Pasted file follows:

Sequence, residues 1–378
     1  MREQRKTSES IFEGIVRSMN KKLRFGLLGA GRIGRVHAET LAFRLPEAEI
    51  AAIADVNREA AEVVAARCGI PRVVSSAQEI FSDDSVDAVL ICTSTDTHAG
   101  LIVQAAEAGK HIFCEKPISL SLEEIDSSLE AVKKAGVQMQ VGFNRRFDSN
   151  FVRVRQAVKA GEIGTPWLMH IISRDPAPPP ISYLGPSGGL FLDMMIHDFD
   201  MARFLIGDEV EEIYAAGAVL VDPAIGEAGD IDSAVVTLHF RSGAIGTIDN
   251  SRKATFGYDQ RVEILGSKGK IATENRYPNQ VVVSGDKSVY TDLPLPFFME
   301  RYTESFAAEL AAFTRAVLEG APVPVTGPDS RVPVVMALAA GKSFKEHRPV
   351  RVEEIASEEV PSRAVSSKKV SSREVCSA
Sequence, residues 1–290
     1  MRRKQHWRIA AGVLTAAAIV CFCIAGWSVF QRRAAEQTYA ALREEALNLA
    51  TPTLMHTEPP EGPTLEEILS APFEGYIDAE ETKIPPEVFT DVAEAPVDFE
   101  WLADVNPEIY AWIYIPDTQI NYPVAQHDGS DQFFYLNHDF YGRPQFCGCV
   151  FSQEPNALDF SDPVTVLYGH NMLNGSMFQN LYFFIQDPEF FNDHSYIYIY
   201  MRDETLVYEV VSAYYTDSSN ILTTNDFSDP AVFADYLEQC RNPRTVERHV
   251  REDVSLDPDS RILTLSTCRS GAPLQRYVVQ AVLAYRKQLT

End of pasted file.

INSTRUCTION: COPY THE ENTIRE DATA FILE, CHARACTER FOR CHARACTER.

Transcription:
Sequence, residues 1–378
     1  MREQRKTSES IFEGIVRSMN KKLRFGLLGA GRIGRVHAET LAFRLPEAEI
    51  AAIADVNREA AEVVAARCGI PRVVSSAQEI FSDDSVDAVL ICTSTDTHAG
   101  LIVQAAEAGK HIFCEKPISL SLEEIDSSLE AVKKAGVQMQ VGFNRRFDSN
   151  FVRVRQAVKA GEIGTPWLMH IISRDPAPPP ISYLGPSGGL FLDMMIHDFD
   201  MARFLIGDEV EEIYAAGAVL VDPAIGEAGD IDSAVVTLHF RSGAIGTIDN
   251  SRKATFGYDQ RVEILGSKGK IATENRYPNQ VVVSGDKSVY TDLPLPFFME
   301  RYTESFAAEL AAFTRAVLEG APVPVTGPDS RVPVVMALAA GKSFKEHRPV
   351  RVEEIASEEV PSRAVSSKKV SSREVCSA
Sequence, residues 1–290
     1  MRRKQHWRIA AGVLTAAAIV CFCIAGWSVF QRRAAEQTYA ALREEALNLA
    51  TPTLMHTEPP EGPTLEEILS APFEGYIDAE ETKIPPEVFT DVAEAPVDFE
   101  WLADVNPEIY AWIYIPDTQI NYPVAQHDGS DQFFYLNHDF YGRPQFCGCV
   151  FSQEPNALDF SDPVTVLYGH NMLNGSMFQN LYFFIQDPEF FNDHSYIYIY
   201  MRDETLVYEV VSAYYTDSSN ILTTNDFSDP AVFADYLEQC RNPRTVERHV
   251  REDVSLDPDS RILTLSTCRS GAPLQRYVVQ AVLAYRKQLT